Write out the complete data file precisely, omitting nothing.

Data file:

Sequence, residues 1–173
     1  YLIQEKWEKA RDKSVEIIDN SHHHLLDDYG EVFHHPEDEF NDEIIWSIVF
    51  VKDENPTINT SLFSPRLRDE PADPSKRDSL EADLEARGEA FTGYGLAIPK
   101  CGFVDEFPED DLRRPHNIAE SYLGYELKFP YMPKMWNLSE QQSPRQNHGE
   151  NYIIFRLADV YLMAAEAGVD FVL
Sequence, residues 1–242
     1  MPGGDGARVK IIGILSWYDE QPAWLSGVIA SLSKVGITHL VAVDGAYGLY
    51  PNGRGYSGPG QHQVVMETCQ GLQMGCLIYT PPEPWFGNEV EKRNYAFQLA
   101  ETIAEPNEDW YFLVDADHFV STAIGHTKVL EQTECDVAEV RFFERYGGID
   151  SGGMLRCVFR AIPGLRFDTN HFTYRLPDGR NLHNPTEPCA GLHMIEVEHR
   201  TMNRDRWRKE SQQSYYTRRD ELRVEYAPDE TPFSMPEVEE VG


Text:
Sequence, residues 1–173
     1  YLIQEKWEKA RDKSVEIIDN SHHHLLDDYG EVFHHPEDEF NDEIIWSIVF
    51  VKDENPTINT SLFSPRLRDE PADPSKRDSL EADLEARGEA FTGYGLAIPK
   101  CGFVDEFPED DLRRPHNIAE SYLGYELKFP YMPKMWNLSE QQSPRQNHGE
   151  NYIIFRLADV YLMAAEAGVD FVL
Sequence, residues 1–242
     1  MPGGDGARVK IIGILSWYDE QPAWLSGVIA SLSKVGITHL VAVDGAYGLY
    51  PNGRGYSGPG QHQVVMETCQ GLQMGCLIYT PPEPWFGNEV EKRNYAFQLA
   101  ETIAEPNEDW YFLVDADHFV STAIGHTKVL EQTECDVAEV RFFERYGGID
   151  SGGMLRCVFR AIPGLRFDTN HFTYRLPDGR NLHNPTEPCA GLHMIEVEHR
   201  TMNRDRWRKE SQQSYYTRRD ELRVEYAPDE TPFSMPEVEE VG